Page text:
Grady class of 2021 to attend their first prom

Senior+Sophie+Ille+tries+on+dresses+for+the+upcoming+senior-only+prom.+The+event+is+on+April+24+at+the+World+Congress+Center.

Sophie Ille

Senior Sophie Ille tries on dresses for the upcoming senior-only prom. The event is on April 24 at the World Congress Center.

Jamie Marlowe

After over a year of canceled events and abandoned traditions, the senior class will enjoy a final high school tradition: prom.

The event will be this Saturday, April 24, hosted at the World Congress Center.

“I’m actually really excited because [my friends and I] planned stuff, so we all got our dresses, we’re doing pictures, we have a party bus, and we’re having an after-party and those kinds of things,” senior Sophie Ille said. “I think we’ve been really big on trying to have normal Grady traditions even though nothing’s in person.”

Grady was not planning on having a traditional prom up until the last day of March, when the district announced that high schools in APS are required to offer proms this year.

“I’m kind of still in shock,” Ille said. “I think it was actually really nice that they were able to plan this for us and I’m excited to see what they do with it. Obviously, we’re not expecting much, but I think it’s still nice that they’re doing the gesture.”

Before plans were announced, many seniors had already accepted the fact that they wouldn’t attend a high school prom. Prom was the last thing on senior Lydia Graham’s mind.

“In the beginning, I was a little upset about missing out on a traditional high school prom, but once I started my college process, nothing else mattered,” Graham said. “It consumed most of my days, but I am happy that APS was able to figure out a way to have us all together.”

Graham says attending prom will give her a chance to spend time with classmates that she hasn’t been able to see this past year.

“Last year, a small group of my friends and I put together a ‘prom’ in our backyard for the experience, and we really enjoyed that,” Graham said. “I’m excited to see everyone because our class decided on treating this event as a prom and dressing up in ‘prom’ attire, so I can’t wait!”

Other APS high schools, like North Atlanta, are having traditional proms that include juniors alongside the seniors. Grady’s prom is only open to seniors, and no guests from other schools are allowed to attend.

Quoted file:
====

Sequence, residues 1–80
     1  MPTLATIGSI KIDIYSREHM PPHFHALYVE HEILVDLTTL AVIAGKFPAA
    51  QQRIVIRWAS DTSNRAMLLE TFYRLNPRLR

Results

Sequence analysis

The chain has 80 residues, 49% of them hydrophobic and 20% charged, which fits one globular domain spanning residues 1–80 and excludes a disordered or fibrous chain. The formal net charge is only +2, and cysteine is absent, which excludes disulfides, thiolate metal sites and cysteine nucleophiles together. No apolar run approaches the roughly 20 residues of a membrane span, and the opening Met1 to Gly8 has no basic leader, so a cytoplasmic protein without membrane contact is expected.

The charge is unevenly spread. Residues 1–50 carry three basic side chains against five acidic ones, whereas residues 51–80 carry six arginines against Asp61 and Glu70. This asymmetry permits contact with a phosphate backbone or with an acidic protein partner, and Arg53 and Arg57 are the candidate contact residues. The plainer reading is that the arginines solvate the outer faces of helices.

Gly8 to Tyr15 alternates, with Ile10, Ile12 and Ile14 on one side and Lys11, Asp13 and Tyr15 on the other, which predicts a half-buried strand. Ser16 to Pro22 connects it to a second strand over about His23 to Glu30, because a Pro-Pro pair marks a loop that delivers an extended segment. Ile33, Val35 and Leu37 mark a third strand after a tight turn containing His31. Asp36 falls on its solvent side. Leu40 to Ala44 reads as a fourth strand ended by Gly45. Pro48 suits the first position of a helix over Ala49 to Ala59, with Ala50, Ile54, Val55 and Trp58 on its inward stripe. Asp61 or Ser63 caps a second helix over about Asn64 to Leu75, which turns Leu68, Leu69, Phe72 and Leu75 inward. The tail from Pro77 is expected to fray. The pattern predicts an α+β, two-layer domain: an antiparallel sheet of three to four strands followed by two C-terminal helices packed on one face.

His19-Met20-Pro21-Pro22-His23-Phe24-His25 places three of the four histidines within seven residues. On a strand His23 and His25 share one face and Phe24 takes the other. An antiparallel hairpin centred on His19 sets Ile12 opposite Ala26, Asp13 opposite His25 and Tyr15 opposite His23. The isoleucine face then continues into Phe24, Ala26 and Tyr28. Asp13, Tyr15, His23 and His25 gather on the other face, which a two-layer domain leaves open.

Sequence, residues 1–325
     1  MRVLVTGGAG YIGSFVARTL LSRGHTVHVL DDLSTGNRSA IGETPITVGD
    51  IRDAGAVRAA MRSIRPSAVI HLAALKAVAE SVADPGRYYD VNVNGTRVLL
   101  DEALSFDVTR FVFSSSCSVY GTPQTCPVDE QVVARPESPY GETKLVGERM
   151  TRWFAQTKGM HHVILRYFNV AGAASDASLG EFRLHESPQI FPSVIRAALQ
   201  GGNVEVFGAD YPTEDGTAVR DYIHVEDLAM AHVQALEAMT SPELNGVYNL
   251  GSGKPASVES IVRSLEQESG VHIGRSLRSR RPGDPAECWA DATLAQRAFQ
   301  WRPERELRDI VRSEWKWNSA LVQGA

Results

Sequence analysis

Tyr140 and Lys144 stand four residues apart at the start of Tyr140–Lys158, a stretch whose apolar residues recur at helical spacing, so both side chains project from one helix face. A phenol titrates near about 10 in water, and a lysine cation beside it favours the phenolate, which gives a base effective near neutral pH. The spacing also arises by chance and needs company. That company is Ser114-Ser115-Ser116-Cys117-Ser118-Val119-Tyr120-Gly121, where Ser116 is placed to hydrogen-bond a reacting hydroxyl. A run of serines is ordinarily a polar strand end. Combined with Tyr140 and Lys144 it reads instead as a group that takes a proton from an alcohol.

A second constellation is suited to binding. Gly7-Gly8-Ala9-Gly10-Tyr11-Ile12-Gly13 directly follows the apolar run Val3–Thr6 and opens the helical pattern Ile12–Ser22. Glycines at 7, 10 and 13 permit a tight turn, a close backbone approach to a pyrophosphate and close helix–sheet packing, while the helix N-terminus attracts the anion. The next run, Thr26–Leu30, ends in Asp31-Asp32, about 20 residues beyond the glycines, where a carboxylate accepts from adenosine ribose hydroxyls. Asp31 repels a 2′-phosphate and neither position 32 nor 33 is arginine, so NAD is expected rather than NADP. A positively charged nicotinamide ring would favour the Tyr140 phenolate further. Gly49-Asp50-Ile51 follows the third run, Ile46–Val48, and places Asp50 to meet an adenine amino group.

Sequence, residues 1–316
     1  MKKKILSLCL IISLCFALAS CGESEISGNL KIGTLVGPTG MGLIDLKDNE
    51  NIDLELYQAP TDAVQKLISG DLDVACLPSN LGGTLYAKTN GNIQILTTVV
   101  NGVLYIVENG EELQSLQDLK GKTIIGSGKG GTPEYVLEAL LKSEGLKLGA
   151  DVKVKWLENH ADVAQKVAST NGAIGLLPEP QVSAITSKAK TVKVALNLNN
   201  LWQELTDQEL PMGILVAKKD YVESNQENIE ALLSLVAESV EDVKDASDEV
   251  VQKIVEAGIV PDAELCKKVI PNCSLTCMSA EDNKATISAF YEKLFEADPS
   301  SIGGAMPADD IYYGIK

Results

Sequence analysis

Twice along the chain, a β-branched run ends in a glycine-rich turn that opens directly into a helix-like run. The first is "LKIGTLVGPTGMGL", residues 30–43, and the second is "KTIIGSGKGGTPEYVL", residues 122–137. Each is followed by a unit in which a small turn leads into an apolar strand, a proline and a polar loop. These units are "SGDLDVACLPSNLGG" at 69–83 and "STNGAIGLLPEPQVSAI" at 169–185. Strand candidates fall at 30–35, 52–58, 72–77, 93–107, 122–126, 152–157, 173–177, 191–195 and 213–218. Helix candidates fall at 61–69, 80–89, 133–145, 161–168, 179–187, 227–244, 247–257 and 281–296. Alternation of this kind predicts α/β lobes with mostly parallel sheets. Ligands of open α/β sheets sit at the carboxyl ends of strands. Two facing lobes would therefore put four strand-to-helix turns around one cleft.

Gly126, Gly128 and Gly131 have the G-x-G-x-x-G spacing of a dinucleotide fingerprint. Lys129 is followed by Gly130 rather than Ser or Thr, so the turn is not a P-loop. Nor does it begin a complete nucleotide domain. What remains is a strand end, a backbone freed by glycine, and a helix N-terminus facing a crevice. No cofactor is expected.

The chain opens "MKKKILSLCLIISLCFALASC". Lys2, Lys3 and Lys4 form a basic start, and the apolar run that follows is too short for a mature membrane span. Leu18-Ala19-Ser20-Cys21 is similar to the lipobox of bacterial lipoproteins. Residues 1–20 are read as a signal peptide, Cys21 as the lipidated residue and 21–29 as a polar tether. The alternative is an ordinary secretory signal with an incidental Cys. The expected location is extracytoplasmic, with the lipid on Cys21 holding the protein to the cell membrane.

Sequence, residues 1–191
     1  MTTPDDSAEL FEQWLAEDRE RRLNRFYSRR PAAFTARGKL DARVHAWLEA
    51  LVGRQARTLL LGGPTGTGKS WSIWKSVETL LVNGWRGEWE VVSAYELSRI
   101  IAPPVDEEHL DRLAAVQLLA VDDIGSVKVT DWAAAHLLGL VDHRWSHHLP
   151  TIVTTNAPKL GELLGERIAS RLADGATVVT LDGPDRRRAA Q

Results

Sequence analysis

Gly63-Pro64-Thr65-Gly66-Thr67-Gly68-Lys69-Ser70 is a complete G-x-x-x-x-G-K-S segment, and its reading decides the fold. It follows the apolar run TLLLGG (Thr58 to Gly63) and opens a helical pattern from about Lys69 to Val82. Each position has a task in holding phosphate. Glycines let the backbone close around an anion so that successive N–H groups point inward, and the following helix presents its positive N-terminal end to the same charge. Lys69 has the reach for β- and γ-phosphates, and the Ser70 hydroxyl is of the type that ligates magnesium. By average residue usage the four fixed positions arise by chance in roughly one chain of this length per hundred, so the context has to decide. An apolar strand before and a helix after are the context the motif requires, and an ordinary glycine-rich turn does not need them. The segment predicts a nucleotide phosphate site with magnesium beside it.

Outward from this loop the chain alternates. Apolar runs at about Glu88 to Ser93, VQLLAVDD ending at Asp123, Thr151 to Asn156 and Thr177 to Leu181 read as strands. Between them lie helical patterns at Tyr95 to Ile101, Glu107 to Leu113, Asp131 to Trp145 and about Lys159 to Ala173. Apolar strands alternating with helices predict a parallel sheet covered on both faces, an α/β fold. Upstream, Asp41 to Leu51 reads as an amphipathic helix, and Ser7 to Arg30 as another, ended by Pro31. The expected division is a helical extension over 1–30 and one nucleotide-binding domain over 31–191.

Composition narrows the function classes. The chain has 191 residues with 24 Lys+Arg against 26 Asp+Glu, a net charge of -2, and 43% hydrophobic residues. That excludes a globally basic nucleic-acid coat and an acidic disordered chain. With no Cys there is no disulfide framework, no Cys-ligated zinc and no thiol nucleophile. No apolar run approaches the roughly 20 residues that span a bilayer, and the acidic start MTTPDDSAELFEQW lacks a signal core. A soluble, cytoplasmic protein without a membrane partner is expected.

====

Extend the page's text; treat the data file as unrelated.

“I totally agree with the rules set in place by APS/Grady for our prom,” Graham said. “We have to follow CDC guidelines, including wearing our masks, and we also have to show a negative COVID test result which makes sense because we’re going to be in an enclosed space. My friends and I were already going to get tested before going anyways so I’m glad APS made that a rule.”

Students aren’t sure what to expect out of this year’s event, as many have never attended a prom before, and it’s taking place during a pandemic.

“For me, it’s just not something [where] I know what I’m looking forward to,” Ille said. “Yes, I’ve heard about prom, but because I’ve never been to one, I feel like I’m not really holding it to a certain standard. It wasn’t really something I felt like I was missing out on.”

Although juniors won’t be able to attend Grady’s prom this year, they will get their opportunity in 2022.

“I see that the district may have to prioritize the seniors while not risking a COVID outbreak due to a crowded school event,” junior Jack Kast said.

Before APS mandated the prom, the administration, along with Grady prom director Elizabeth Yale, had an idea to plan a senior event.

“It was not going to be along the same lines as a traditional prom, something much more casual and likely outside was already in the works,” Yale said. “The district rented the World Congress Center for each school [in APS], and the district was calling it a prom, so we kind of shifted gears.”

Yale said she typically spends five or six months planning a prom. This year, she has had to do it in just over three weeks, only adding to her workload of teaching full time and coaching lacrosse.

“You have to sign contracts with [event planning] far in advance because there’s so much money involved, and then to come up with floor plans, catering, find a DJ, ordering of supplies, ordering decorations, ordering favor, making tickets available for sale to students, coming up with a price structure, advertising, all of those little moving parts,” Yale said. “All that stuff takes so much time.”

According to Yale, navigating prom this year has been very complicated, especially because she didn’t get to pick the date for the event. Some students felt they didn’t have enough time to prepare for such a big occasion.

“Students are grieving that we lost a member of the Grady senior class the same week that this was decided,” Yale said. “Is it equitable to put these demands, logistics, time, financial on families with three weeks notice, and to a community of students who are mourning the loss of one of their peers? Is that equity? Is that really what our community needed at that time?”

Yale says it’s important that students have positive school experiences, up to and including a prom that they feel is accessible to them.

“Some kids are really afraid of prom, or they feel like prom is not for them based on their school experience, or where they feel like they fit in in the school community,” Yale said. “I wish that I could find a way to tell every student that this is for you. You don’t have to have a date, it’s not about what you’re wearing. It’s about coming and being with people to celebrate the end of this huge part of your life and to get ready for the next step.”

Print Friendly, PDF & Email